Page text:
Wednesday, 25 November 2015

Two Rallies, Two Counties: Success and Failure

Ann Byard in a hard hat (Twitter)
John Winter, 'All Our Yesterdays – Anglo-Saxon Burial and Brooch' 26 November 2015.
1) Weekend Wanders rally, West Hanney in Oxfordshire, Sunday 21st December 2014, a multiple Anglo-Saxon coin deposit found by metal detectorist Chris Bayston. FLO in attendance Anni Byard, the Finds Liaison Officer (FLO) for Oxfordshire. Metal detectorist prepared to wait for results. Searching stopped, site protected, archaeologsts brought in, context of find documented. By contrast:

2) Weekend Wanders rally, Lenborough in Buckinghamshire, Sunday 20th September 2009,a single Anglo-Saxon brooch found by metal detectorist Paul Coleman ("row upon row of coins stacked neatly"). FLO in attendance Ros Tyrell, the Finds Liaison Officer (FLO) for Buckinghamshire. Metal detectorist did not wait. Keyhole hoiking commenced immediately, hoard emptied onto tabletop in the evening, context of find totally lost.
So, it seems the main deciding factor in turning collecting into archaeology is the person and character of teh Finds Liaison Officer whose job it is to liaise with finders to get good practice. As Mr Winter's account suggests Buckinghamshire that day apparently experienced FLO Fail, even though there was a good example to learn from five years earlier in a neighbouring county. Tragic.

Ms Byard has been mentioned in this blog a number of times, not always coming over too well, but at least here she did what her job description requires, so praise where praise is due. And as far as Lenborough is concerned, criticism where criticism is merited - though don't hold your breath to hear any from the Portable Antiquities Scheme who we may easily observe institutionally have very little self-criticism. So I note from the programme that there was nothing at the PAS conference two days ago about 'Avoiding a Second Lenborough'. But a lot of "didn't we all do well?"

UPDATE 26th November 2015
Coincidentally, Ms Byard  points out herself today how well she's doing:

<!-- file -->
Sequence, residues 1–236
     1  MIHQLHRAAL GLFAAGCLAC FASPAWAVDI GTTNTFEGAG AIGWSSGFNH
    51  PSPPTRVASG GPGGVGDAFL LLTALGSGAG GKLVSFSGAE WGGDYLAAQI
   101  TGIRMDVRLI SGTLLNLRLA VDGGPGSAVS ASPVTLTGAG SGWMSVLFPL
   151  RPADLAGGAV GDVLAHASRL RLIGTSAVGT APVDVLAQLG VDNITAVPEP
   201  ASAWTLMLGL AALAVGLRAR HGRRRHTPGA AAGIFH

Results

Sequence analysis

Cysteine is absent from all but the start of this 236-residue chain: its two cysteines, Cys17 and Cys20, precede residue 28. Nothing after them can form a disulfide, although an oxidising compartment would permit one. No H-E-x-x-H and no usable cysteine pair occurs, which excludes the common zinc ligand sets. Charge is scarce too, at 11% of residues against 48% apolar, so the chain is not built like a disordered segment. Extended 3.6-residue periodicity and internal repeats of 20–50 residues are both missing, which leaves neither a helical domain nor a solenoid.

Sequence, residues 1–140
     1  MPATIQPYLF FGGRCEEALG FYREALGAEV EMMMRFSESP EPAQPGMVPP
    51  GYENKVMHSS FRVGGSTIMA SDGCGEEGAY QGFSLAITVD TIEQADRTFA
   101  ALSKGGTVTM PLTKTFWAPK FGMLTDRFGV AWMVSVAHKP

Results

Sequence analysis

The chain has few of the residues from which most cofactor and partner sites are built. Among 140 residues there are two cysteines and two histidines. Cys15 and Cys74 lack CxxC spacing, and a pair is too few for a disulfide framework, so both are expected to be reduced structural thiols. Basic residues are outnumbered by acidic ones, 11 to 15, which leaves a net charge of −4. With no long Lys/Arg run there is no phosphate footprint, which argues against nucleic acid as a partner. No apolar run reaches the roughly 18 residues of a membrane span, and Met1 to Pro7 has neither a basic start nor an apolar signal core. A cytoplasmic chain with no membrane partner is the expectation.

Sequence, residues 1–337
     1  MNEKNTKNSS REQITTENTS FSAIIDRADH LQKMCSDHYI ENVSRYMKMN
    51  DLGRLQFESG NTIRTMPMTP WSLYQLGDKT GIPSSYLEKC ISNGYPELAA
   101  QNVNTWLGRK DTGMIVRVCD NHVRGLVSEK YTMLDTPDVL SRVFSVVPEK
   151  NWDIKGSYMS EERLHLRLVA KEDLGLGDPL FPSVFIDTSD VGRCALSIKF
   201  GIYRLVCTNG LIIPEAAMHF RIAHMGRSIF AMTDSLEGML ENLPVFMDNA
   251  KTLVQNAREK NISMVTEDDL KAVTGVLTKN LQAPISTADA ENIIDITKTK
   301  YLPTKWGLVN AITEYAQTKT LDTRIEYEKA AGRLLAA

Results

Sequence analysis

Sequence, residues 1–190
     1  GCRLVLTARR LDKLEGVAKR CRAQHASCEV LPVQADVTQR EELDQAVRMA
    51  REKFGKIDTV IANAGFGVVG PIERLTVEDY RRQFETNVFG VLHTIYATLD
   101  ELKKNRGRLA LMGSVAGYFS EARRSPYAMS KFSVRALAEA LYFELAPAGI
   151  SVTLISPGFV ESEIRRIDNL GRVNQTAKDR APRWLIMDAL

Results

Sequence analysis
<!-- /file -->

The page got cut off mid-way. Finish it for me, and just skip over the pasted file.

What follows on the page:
1 godz.1 godzinę temu
And here it is - 25,000th find - not much to look at but only the 3rd known!
Note the creepy retweet to Vaizey. Now, how many finds made in Oxford in that same period of time and pocketed by metal detectorists have not been recorded? Is it not valid to point out that this too is a statistic of which the public should be aware? If it is a valid point, why are the PAS keeping so quiet about it?


1 comment:

Anonymous said...

Personally, I think there's more to the difference than the FLOs.

At West Hanney the presence of human remains meant the find had to be left alone until the police had done their thing. Not to have done so would have been a crime. Funny how the law does a better job of ensuring responsible behaviour than merely requesting, innit?

At Lenborough the FLO was surrounded by impatient, selfish dolts, all except one of them mouthing the barefaced lie that it had to be excavated that day as guarding it was impossible. (We have proof of that from the video sound track and subsequent chatter). Surrounded by such a mob, she complied (and if she'd walked away it would no doubt have been hoiked within hours anyway).

For me, the main criticism that should be directed to her was the subsequent shameful whitewash job she did, kidding the world she hadn't done it because of extreme pressure from heritage-unfriendly ignorami. But then, that's what her employers expected of her and all of her colleagues (although I get the impression that under New PAS the gag is being loosened - see next Saturday!)

BTW, let's not worry about there being "a second Lenborough", Lenborough was one of many, as the record clearly shows.

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